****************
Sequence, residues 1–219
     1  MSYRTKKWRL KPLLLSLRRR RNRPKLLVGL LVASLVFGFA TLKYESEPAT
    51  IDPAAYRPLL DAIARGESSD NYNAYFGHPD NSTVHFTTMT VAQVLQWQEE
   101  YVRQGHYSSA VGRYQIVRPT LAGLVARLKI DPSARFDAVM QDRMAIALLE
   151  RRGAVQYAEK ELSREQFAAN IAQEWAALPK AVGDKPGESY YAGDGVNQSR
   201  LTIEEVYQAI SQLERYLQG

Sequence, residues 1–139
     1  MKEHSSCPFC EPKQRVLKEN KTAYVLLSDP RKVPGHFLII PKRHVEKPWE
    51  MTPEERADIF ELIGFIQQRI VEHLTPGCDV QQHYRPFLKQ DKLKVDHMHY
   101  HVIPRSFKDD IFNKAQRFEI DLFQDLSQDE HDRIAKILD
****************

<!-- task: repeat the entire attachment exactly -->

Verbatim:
Sequence, residues 1–219
     1  MSYRTKKWRL KPLLLSLRRR RNRPKLLVGL LVASLVFGFA TLKYESEPAT
    51  IDPAAYRPLL DAIARGESSD NYNAYFGHPD NSTVHFTTMT VAQVLQWQEE
   101  YVRQGHYSSA VGRYQIVRPT LAGLVARLKI DPSARFDAVM QDRMAIALLE
   151  RRGAVQYAEK ELSREQFAAN IAQEWAALPK AVGDKPGESY YAGDGVNQSR
   201  LTIEEVYQAI SQLERYLQG

Sequence, residues 1–139
     1  MKEHSSCPFC EPKQRVLKEN KTAYVLLSDP RKVPGHFLII PKRHVEKPWE
    51  MTPEERADIF ELIGFIQQRI VEHLTPGCDV QQHYRPFLKQ DKLKVDHMHY
   101  HVIPRSFKDD IFNKAQRFEI DLFQDLSQDE HDRIAKILD